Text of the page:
When the steering column is out of the way, reach up behind the speedometer and push down on the retaining clip to release it. Take out all of the Phillips screws and remove the instruments from the dash.
On all 1968–1977 dash panels, remove both passenger and driver-side instrument panels as separate units. It is best to remove the passenger-side panel first, the center panel next, and the driverside panel last.
On all 1978–1982 panels, unscrew and remove the center console after unplugging the wiring harness.
Remove the two screws securing the glove box shell.
Leave the remaining dash panel in place until the windshield is removed.
Trim and Glass Removal
If the body needs complete restoration, and that includes repainting and body repair, it is necessary to remove all of the trim and body glass. This allows a thorough preparation and restoration of all painted surfaces on the body.
If the glass is reusable, it should be stored in an upright wooden rack that is lined with a soft felt material to avoid breakage. The rack should be stored in an out-of-the-way locationto prevent the glass from being damaged or broken.
All C3 windshields are held in place with a pliable rubber bond and chrome or black-painted reveal trim pieces. Both windshield wiper arms and blades must be removed or taped out of the way before beginning this procedure.
The windshield door seal is the first part to be removed. Starting at the bottom of the windshield frame check to see if the rubber is held in place with a Phillips screw. If so remove the screw.
Gently pry the rubber seal away from the windshield post starting at the bottom and working up to the top. When you reach the metal clip near the top, work the rubber from underneath the metal clip. The metal clip holds the door glass in place when the window is rolled up. If the rubber is reusable, try not to tear it. These seals are expensive. A dull plastic scraper can help release the rubber.
Once the rubber is clear of the clip, continue working it out of the top windshield frame.
Remove the Phillips screw located at the top of the windshield frame that secures the rubber gasket. Once the screw is released, the gasket can be removed. Store the gasket in a safe place, so it can be reinstalled. If it is torn or damaged this is a good time to replace it with a new gasket.
The windshield pillar post trim frame is held in place with four Phillips screws. Each has to be removed in order to pull the trim off the car. Once the screws have been removed, carefully pull the side trim piece away from the windshield. Store the trim and screws for reinstallation.
A series of clips attached to the windshield frame hold the top windshield reveal trim panel in place. Slide a reveal tool under the trim to release it from the clips. The roof panel or convertible top must be removed to perform this task. Take extra care during this process, as it is easy to break the windshield. Pop rivets secure the clips to the windshield frame. Replace them if they are rusty. If they are not rusty it is safe to reuse them for reinstallation.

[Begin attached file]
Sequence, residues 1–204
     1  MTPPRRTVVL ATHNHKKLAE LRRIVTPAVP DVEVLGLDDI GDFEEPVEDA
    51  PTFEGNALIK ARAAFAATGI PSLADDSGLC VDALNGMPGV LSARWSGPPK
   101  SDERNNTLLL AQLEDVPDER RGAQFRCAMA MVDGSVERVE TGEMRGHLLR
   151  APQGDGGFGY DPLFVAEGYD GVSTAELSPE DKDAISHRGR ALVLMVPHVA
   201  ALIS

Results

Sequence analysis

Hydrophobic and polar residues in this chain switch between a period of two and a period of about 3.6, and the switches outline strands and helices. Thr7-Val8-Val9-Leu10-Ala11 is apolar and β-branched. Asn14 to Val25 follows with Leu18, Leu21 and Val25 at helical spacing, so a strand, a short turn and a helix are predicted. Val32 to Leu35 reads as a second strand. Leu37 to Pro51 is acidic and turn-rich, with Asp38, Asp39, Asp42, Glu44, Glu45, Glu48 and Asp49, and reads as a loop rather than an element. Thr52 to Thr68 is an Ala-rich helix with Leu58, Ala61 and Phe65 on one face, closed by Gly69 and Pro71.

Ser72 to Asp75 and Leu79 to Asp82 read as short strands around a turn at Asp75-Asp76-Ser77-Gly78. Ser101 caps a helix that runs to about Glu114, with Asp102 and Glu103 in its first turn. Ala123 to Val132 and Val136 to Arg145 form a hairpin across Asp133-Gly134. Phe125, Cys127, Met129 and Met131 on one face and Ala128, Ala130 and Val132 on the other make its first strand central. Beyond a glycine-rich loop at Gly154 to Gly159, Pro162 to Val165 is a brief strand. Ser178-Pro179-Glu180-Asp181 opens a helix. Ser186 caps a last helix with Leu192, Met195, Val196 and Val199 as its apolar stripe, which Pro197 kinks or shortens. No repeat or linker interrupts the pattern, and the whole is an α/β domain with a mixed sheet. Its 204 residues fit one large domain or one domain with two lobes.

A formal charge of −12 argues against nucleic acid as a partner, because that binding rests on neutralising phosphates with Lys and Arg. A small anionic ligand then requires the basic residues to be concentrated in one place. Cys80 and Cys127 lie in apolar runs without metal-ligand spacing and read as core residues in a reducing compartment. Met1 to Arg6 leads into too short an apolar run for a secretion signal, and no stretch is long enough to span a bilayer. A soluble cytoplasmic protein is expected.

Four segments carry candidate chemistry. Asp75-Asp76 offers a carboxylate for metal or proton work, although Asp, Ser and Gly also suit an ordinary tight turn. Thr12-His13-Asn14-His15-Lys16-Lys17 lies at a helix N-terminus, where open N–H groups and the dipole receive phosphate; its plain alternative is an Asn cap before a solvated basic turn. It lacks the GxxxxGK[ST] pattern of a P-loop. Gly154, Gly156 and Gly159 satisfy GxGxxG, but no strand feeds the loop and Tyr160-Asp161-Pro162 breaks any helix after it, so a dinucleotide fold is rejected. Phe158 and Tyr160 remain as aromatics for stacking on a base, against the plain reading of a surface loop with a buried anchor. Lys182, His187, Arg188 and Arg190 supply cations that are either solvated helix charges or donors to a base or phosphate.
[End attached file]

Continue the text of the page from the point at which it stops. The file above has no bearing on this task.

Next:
Removing this glass can be very tricky. Try a professional windshield removal/replacement company. They perform this task daily, and use special tools to do it easily and safely.
After the trim is removed, a special cutting tool is used to separate the glass from the adhesive that holds it in place. Next they spray water around the lower part of the windshield. Then they use a motorized paddle to loosen the adhesive from the windshield. Once completed, two large suction cups are used to remove the glass from the car.
Side Window Glass
After the door panel is removed, lower the window to the full open position. Remove the plastic liner by peeling it along the edge of the adhesive bead.
Remove one weather strip screw and pry back the rubber in front of the window seal.
Remove the two screws that hold the window seal to the door. Remove the seal from the door.
Next remove the one hex bolt that secures the anti-rattle cushion.
Position the window to line up the two sash screws that hold the window in place. Remove the two sash bolts by holding the nuts with a wrench inside the door. Carefully pull up the window making certain to clear the roller assemblies by using the openings in the inner door panel to hold the glass.
Adjust the front and rear channels to their extreme outboard positions to allow clearance for the window.
Pull the window up and forward to remove it from the door.
Corvettes built from 1968 to 1972 are equipped with a flat, removable rear glass panel. These are easily removed. The 1973 1977 models are equipped with a flat, non-removable rear glass held in place with a urethane adhesive. The large one-piece rear window found in 1978–1982 Corvettes is also held in place with urethane adhesive. The only exception is the pop-up rear hatch found on the 1982 Anniversary Edition.
I used a professional glass company to remove the rear window. They followed the same removal procedure that they used to remove the windshield.
If you remove the window yourself, first take off the reveal molding. If you do not have a professional adhesive-cutting tool, use a piece of piano wire tied to two medium screwdrivers. Tie one end of the wire to one screwdriver. Push the other end of the wire through the lower end of the window adhesive. Secure this end to a second screwdriver. A helper can grab one end of the wire inside while you use a sawing motion to cut the adhesive around the window.
Attach two suction cups to the window and have your assistant help you carefully separate the window from the body. Be sure to properly store the window in a safe area.
At this point in the disassembly you should have a detailed list for each of the following areas:
- Replacement parts to be ordered
- Reusable parts that have been taken off and can be refurbished
- Reusable parts that have been taken off and do not require any action
- Photos taken during the disassembly process to be used for reassembly
Written by Walt Thurn and Posted with Permission of CarTechBooks